I picked up an apple from the ground, saw it had no bugs in it and took a bite. “Here,” I said, offering it to Jon, “take a bite”. Our apple tree has been dropping apple for a while, but they’re just turning ripe enough to eat.
Jon’s a bit like Johnny Appleseed these days, spreading seeds of good instead of apples.
So I too took a picture of Jon with an apple in his mouth and he took one of me.
I’m going with Jon to Albany this morning to the Bishop Maginn School.
He’s meeting with Kevin and Mary Reiss, who’s son, Milan, recently died. Kevin teaches at Bishop Maginn and they’re trying to raise money for Milan’s funeral. Jon, with the help of the Army of Good, already helped them raise more than half the money they need. You can read more about Milan, Kevin and Mary on Jon’s blog, just click here.
Today I’m bringing the loom Jon bought me a couple of years ago to Sue Silverstein to use in her art room. I thought I’d get back into weaving, but haven’t and Sue said she’d love to have it. I’m also bringing them a bag of wool that was given to me a few years ago by another weaver I know.
The first time I met Cindy in person was at one of Jon’s book readings. I think it was for his children’s book, The Dogs Of Bedlam Farm, at the Barnes and Nobel in Framingham Massachuttes. I remember Izzy, one of the stars of the book, was there too.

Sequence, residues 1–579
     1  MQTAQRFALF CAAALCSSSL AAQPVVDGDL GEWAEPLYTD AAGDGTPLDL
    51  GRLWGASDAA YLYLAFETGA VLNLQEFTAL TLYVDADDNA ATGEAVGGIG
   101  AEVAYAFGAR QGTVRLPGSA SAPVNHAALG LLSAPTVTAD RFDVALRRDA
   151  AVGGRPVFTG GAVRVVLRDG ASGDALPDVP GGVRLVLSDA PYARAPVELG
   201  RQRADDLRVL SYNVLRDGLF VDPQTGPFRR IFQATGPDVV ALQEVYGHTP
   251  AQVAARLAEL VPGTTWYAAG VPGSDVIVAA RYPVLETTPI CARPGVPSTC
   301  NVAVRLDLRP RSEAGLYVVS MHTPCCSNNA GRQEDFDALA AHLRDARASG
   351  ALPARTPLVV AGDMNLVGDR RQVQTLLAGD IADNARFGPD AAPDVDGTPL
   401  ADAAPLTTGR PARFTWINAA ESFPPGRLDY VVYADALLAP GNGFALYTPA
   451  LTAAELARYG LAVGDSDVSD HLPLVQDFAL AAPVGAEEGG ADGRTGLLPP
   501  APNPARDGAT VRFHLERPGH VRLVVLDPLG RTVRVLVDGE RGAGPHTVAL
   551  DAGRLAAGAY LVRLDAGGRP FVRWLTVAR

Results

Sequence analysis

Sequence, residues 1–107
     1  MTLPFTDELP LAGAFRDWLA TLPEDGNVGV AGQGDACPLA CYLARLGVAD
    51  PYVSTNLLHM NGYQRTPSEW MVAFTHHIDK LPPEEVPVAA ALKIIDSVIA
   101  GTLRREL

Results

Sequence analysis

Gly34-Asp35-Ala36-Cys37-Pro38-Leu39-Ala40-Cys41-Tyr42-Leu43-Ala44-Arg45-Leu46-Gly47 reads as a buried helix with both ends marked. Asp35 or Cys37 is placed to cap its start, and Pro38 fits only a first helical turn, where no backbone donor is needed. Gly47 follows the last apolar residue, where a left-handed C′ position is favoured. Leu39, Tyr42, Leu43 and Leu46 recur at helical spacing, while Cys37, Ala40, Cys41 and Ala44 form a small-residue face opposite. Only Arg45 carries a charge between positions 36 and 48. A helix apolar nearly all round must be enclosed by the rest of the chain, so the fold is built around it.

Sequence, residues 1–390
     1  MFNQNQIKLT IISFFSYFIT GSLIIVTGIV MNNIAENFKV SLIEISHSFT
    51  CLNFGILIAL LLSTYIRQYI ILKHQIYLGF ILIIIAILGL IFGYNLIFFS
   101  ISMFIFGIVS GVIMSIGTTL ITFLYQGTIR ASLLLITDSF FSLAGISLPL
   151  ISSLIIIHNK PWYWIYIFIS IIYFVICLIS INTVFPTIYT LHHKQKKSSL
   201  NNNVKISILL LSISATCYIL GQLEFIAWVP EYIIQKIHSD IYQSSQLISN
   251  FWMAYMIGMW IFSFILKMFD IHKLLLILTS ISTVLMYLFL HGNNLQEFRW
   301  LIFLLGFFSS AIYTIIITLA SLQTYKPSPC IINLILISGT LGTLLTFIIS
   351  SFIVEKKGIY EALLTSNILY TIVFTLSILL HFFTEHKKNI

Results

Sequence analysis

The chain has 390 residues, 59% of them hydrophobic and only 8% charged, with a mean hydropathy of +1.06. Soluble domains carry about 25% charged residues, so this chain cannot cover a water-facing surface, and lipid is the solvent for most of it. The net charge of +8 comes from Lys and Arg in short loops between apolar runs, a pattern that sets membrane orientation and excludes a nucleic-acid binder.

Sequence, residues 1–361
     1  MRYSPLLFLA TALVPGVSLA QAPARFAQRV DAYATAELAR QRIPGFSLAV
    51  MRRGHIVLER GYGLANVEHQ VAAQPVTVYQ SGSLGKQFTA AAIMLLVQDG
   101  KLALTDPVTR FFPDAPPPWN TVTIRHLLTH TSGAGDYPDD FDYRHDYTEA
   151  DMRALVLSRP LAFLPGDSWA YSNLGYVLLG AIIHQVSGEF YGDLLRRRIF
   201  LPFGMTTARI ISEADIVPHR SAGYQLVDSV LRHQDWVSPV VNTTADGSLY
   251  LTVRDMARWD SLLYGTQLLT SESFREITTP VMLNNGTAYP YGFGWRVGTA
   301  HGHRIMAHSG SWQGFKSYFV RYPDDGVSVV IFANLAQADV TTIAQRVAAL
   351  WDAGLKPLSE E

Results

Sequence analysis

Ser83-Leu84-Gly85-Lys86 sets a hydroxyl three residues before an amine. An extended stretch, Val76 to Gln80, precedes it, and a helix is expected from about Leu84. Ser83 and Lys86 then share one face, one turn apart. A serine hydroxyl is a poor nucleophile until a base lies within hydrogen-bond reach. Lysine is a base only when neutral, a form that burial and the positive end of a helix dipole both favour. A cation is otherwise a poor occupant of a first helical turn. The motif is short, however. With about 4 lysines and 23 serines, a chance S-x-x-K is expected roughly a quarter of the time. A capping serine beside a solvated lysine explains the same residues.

But I knew her before that when she started buying my art. (She still has a glasses case, by her bed, I made years ago)
We’ve met many times since then, and keep in touch online. Cindy is more than spunky. We nurture the independent and strong woman attitude in each other. Recently when I wrote about owning my success, Cindy left me a comment saying:
“Maria, Get out of that loft. Take off the dress of nails. It’s ok! You are a new woman. Loved and successful ! You just keep climbing higher and higher. Your sweetness and humility intact. We are all so proud of you! We all love you! Suck it up! Go for a cool swim at your river tomorrow and let it wash over you.”
That’s the kind of thing we do for each other.
So when Cindy asked me if I could make her a quilt for her bed, I didn’t hesitate. And I didn’t have to think long about how to start it.
Some time ago, Margaret sent me this wonderful top with women and horses on it. I’ve been waiting to use it, it’s been waiting to become something else. Cindy got her horse when she turned 60 and has become a horsewoman for the first time in her life.
So I began the quilt with the woman and the horse…
I wasn’t sure which colors to pull out till I found the yellow and purple tiger stripe fabric and it screamed Cindy. Then the rest began to come together.
This is where I left it yesterday. I’m not sure what comes next…
My third Tiny Pricks, called Infestation/Invasion, turned out just as I pictured it.
I started with the vintage embroidery of a Mexican couple that someone sent me a while ago and surrounded them with the words, infestation and invasion.
Donald Trump has used these words again and again to describe immigrants and refugees coming into our country, and neighborhoods where people of color live. When used in this way, both words have a long racist history in the United States.
Language Columnist, Ben Zimmer wrote about them in two different articles.